Batterie Pointe Du Hoc

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Halfway between Omaha Beach and Utah Beach, the Pointe du Hoc dominates the sea from its vertical cliff. It is crowned by a battery (partially under concrete shelter but still under construction in June 1944) installed by the Germans: six kilometers west of Omaha, six French-made 155 mm howitzers (155 mm GPF mle 1917) and dating from the First World War are set up on a plateau that ends abruptly in rocky cliffs, 25 to 30 meters high. The gunners belong to the 2nd battery of the Heeres-Küsten-Artillerie 1260 commanded by Oberleutnant Frido Ebeling.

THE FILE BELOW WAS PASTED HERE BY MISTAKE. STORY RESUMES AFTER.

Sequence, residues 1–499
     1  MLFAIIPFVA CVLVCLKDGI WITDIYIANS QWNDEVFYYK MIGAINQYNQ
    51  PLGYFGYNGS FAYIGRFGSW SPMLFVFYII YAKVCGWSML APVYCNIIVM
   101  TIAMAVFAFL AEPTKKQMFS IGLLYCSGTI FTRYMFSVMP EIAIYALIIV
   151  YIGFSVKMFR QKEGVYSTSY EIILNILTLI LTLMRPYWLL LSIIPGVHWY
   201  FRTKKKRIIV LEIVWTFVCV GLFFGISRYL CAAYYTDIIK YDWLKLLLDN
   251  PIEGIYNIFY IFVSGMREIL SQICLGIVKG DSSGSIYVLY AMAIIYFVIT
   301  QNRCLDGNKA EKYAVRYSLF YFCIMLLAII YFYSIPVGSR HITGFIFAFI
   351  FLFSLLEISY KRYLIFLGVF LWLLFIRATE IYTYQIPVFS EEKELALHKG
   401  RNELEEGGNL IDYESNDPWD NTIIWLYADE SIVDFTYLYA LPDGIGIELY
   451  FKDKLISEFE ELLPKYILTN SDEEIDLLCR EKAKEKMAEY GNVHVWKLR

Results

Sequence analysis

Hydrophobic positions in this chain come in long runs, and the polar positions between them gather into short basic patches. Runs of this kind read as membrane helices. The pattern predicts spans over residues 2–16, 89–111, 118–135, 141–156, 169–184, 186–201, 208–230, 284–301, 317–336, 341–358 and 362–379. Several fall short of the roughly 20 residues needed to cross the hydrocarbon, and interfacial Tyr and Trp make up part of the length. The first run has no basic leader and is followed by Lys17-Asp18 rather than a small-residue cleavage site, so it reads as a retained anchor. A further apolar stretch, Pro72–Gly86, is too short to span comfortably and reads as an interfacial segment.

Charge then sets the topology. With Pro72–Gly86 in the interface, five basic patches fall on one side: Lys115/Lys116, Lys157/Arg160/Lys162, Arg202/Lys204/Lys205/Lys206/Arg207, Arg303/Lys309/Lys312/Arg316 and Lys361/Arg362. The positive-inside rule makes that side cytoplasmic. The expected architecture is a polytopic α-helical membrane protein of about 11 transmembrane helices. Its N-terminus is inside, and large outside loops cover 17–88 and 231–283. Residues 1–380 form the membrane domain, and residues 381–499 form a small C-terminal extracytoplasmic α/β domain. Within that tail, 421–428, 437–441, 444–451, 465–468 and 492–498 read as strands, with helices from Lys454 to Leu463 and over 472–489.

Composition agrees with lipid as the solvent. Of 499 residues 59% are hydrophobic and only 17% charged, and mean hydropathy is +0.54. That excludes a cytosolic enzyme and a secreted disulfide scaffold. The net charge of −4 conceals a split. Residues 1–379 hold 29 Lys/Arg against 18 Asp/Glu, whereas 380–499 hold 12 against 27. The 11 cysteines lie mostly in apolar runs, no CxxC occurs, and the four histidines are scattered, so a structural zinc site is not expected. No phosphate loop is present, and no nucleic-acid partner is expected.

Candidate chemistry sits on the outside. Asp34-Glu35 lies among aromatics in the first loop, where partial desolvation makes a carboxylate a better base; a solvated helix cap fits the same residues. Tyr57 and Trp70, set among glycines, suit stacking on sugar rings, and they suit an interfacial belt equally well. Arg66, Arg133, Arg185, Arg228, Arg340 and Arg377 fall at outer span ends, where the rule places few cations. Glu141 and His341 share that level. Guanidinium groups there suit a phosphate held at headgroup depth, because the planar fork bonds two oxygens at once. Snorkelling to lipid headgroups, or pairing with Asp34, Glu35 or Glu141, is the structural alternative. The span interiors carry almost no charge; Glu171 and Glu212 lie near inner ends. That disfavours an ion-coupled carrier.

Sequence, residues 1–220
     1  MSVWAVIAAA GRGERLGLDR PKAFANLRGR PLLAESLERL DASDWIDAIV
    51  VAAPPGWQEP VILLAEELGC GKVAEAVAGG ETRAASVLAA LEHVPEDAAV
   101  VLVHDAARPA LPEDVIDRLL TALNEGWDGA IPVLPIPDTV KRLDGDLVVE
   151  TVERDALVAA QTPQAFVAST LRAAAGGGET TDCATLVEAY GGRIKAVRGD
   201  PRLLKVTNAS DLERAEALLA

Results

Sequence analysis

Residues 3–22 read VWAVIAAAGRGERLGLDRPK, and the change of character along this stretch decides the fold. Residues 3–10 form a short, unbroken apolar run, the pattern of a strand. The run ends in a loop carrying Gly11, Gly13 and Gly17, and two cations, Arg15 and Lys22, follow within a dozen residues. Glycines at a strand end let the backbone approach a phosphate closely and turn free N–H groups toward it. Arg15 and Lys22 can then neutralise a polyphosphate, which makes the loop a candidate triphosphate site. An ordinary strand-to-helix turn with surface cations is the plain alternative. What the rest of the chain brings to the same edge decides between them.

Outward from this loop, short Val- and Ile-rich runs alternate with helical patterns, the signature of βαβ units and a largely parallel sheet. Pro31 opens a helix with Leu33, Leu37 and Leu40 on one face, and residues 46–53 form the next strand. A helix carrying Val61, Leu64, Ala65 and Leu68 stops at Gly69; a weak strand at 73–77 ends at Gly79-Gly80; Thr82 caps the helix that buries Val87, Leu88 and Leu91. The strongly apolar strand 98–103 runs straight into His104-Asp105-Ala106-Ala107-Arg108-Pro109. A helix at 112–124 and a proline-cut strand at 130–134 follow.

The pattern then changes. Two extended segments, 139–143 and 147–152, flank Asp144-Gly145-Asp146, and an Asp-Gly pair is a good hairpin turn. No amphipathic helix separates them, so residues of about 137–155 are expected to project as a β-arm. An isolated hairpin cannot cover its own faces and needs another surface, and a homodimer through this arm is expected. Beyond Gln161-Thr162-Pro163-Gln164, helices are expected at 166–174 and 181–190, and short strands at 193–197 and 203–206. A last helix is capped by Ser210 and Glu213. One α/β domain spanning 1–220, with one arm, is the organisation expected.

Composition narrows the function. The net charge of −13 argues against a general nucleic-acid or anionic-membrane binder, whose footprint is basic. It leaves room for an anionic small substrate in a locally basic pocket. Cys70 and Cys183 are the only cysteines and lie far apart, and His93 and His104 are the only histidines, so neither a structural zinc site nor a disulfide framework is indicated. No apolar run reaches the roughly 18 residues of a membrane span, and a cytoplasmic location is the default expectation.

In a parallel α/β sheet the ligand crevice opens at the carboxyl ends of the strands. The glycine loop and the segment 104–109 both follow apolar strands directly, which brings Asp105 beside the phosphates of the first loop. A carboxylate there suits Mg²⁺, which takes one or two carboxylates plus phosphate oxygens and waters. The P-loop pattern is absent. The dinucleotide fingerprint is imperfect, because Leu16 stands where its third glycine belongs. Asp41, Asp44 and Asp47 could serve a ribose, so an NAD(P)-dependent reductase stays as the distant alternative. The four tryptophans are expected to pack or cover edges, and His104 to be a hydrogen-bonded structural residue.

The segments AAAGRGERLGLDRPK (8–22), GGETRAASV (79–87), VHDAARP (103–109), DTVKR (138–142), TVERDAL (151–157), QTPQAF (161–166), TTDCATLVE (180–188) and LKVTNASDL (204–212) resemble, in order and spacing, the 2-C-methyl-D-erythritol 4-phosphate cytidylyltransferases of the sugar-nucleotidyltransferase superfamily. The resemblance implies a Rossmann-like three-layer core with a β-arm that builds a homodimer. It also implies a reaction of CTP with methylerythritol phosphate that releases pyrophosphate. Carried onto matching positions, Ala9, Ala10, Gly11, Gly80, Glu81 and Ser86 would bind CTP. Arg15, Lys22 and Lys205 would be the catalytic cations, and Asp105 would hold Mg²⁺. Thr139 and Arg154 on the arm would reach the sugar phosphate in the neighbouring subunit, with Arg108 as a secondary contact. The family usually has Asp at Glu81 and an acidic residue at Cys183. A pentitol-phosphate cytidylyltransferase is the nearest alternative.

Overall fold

The word “Hoc” comes from “haugr” in Norois, the language of the Vikings, and which means mound. This toponymy is frequent in the Norman language and particularly in “Cap de la Hague” and “Saint-Vaast-La-Hougue”. The Americans, by copying the maps, made a typographical error which transformed “Hoc” into “Hoe” on many cards and reports still accessible today.

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June the 4th 1944

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